Parachuting Into a New Job

Published on 19 January 2010 by Jamie Mack in Job Search

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There are many excellent online resources aimed toward helping you land your perfect job — this site included. However, I’d like to take a look at an excellent analog resource: What Color is Your Parachute, by author Richard Bolles. A perennial favorite and a go-to classic for job hunters of any age or skill level, the advice given by the author is well researched and presented in a friendly lighthearted manner, making it both easy to digest and an enjoyable read. You may even forget you’re reading a book about finding a job. The book is readily available from most well-stocked bookstores and, of course, Amazon. As a job hunter you would be doing yourself no small disservice by not including this book  in your job search library.

iStock 000009563728Small 250x300 Parachuting Into a New JobParachute is chock-full of information that you might not find anywhere else; there are several chapters devoted to indispensable information that, because they were never taught, most job hunters are completely unaware of.  We’ll be discussing some of these concepts in upcoming posts here.

For instance, did you know that if you employ more than four of the many methods of searching for employment, your chances of success actually begin to decrease? And how many methods are there exactly? According to Bolles, there are around 18 job hunting methods one can employ effectively, and many are not what we’ve come to think of as conventional. That’s the beauty of Parachute; it teaches you to think outside the job hunting box. In today’s economy, anything we can add to our bag of tools is a welcome addition.¹

Bolles goes on to characterize the several methods of landing a job by listing the five worst and five best methods of job hunting, listing percentage of success rates for each.

Here are the five worst methods:

  • Scouring the internet for job-postings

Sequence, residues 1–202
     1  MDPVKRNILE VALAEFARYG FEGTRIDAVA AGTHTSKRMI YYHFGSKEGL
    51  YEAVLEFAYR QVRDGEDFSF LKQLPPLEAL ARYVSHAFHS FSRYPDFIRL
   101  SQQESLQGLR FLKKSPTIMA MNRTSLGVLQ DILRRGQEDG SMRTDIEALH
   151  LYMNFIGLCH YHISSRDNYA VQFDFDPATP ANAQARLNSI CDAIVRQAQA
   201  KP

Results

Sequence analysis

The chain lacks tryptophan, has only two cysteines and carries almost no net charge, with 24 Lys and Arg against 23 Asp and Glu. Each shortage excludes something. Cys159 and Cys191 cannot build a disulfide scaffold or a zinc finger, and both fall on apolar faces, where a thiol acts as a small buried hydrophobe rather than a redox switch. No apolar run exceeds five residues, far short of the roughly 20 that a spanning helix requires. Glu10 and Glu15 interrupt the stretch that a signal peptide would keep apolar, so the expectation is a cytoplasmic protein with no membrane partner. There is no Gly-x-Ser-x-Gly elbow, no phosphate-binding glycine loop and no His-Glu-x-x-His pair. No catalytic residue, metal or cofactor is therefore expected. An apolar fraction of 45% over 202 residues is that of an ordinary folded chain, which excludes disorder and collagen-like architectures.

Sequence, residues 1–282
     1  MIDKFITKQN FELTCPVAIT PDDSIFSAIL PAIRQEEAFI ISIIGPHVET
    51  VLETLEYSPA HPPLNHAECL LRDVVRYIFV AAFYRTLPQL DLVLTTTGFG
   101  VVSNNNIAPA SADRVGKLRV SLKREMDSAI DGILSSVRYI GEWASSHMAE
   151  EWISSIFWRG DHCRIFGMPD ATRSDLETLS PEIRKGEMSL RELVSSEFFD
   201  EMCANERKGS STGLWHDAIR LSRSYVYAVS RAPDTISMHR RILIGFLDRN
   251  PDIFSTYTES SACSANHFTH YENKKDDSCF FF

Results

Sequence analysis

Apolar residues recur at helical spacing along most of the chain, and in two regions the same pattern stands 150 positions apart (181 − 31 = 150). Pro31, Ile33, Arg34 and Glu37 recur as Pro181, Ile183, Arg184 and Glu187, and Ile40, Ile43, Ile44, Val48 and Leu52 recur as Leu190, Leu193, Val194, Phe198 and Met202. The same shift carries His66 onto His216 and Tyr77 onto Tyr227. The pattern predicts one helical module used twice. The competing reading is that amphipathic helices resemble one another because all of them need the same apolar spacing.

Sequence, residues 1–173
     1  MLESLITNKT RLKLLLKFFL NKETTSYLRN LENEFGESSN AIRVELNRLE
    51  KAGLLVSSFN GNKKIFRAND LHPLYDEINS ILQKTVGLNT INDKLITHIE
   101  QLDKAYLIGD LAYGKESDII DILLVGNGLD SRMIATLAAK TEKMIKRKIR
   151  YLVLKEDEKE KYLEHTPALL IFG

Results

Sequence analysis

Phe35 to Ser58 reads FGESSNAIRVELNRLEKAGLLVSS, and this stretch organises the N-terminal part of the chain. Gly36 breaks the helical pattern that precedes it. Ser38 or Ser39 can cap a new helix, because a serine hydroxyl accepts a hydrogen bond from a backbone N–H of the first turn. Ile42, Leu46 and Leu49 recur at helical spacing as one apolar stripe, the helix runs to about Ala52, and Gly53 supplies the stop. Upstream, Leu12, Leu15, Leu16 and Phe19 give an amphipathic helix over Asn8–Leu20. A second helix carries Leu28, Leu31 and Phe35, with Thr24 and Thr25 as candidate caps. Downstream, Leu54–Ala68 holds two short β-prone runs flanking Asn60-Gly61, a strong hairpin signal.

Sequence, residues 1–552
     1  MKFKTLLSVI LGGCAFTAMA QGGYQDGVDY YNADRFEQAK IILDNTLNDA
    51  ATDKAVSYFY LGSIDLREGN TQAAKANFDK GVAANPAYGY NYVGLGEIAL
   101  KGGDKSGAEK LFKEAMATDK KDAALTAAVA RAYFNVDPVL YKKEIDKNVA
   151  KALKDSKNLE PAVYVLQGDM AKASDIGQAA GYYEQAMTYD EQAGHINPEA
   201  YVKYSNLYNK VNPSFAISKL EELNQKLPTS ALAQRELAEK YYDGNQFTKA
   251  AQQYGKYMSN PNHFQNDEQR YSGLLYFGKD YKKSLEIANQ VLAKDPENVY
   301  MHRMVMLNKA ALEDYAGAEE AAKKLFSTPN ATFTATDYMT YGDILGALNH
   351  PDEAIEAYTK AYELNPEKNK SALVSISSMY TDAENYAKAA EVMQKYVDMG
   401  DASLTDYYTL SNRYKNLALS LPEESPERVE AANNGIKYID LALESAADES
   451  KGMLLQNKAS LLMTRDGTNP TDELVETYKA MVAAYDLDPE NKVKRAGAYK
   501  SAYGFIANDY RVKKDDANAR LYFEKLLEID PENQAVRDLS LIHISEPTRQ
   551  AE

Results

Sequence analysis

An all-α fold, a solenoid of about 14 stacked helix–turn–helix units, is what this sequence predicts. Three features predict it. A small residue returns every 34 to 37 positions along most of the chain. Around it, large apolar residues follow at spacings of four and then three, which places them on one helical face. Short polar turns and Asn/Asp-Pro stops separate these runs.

• Mailing untargeted resumes
  • Answering ads in magazines or trades related to your field
  • Answering ads in newspapers
  • Utilizing private employment agencies

And the five best methods:

  • Researching job leads from your pool of contacts, friends, family, and/or career counseling service of your former school
  • Visiting prospective employers directly
  • Using the Yellow Pages or other reference to find companies involved in subjects of interest and contacting them
  • Job-clubs
  • A Life-Changing Job Hunt²

Some of these methods are employed exclusively by job hunters, in isolation of others, and when their singular methods  fail to produce results, they become discouraged. Notice the distinct lack of emphasis on the resume alone. Your resume is one tool among many in your bag of tricks for breaking out of unemployment. Bolles counsels to supplement your stellar resume’s solitary efforts by taking a more active role in the hunt.

In the next post or two (or three) we’ll continue to explore this gold mine of job-hunter advice, and maybe even explore his final eye-catching method:  ‘A Life Changing Job Hunt,’ something Bolles devotes the entire second half of his book to.

Footnotes

1.  Bolles, Richard N. What Color is Your Parachute (Berkeley: Ten Speed Press, 2010), p. 26-27.

2. Bolles,  28-34 .

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  3. [...] on 22 January 2010 by Jamie Mack in Job Search 1 In our last post we were introduced to the classic job hunting guide, What Color is Your Parachute, and discussed [...]